The holiday season is a time when lots of people take to the air, flying to see relatives or go on vacation. But when it comes to seasonal travel, humans are totally outnumbered by insects.
That's according to a newly published study in the journal Science, which found that more than three trillion migrating insects fly over south-central England each year.
"If you were to repeat this study almost anywhere else, I guarantee that you would exceed those numbers," says Jason Chapman, an entomologist at the University of Exeter, who notes that England is relatively cold and damp.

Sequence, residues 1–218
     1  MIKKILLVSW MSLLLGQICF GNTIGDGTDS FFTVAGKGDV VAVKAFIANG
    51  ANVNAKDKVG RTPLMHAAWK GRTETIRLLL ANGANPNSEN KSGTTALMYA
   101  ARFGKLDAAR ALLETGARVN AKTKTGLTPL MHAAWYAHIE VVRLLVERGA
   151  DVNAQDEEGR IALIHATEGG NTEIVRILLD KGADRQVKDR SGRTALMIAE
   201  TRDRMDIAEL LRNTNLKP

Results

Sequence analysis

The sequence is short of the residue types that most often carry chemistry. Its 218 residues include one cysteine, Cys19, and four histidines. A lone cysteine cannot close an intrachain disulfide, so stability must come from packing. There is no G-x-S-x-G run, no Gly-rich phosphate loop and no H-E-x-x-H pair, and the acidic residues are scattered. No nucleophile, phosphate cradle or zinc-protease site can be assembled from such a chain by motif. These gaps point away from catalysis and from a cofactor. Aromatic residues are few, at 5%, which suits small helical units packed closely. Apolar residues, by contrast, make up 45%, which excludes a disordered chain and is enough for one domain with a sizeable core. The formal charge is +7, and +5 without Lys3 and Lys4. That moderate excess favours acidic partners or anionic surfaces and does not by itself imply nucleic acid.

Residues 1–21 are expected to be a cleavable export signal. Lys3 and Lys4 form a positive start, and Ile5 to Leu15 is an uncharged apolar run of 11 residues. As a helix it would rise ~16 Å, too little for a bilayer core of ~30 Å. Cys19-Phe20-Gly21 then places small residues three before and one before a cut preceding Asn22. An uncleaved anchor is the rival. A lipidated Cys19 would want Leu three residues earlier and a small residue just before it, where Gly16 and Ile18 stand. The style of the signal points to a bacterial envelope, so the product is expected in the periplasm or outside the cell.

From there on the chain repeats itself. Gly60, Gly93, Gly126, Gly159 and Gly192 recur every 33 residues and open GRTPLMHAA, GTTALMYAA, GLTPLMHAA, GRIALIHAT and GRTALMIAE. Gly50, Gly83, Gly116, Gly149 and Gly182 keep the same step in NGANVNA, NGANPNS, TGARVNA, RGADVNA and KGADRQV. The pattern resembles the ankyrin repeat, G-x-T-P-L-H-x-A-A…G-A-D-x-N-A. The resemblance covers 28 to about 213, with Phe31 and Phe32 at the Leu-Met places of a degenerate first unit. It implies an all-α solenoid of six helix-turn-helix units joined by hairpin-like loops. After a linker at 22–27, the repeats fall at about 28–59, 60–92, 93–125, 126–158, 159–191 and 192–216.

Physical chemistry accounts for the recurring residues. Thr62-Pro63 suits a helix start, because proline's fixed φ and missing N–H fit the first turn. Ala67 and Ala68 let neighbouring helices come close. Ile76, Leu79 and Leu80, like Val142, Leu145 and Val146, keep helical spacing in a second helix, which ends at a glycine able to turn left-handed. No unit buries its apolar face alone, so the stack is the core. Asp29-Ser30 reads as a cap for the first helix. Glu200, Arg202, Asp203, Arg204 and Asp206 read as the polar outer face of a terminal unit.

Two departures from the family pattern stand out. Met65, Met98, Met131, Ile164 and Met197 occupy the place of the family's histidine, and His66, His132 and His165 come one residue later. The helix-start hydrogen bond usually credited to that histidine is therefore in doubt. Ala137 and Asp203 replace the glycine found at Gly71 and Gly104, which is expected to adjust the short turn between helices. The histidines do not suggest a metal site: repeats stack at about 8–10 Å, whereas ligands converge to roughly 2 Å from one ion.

Except for standouts such as the Monarch butterfly, migrating insects have mostly been ignored by scientists who study migration, who tend to focus on charismatic birds like the Arctic tern and mammals such as the wildebeests of the Serengeti.
"The insects have really not been studied in the way that they should have been," Chapman says. He points out that migrating insects can cause huge problems or bring real benefits.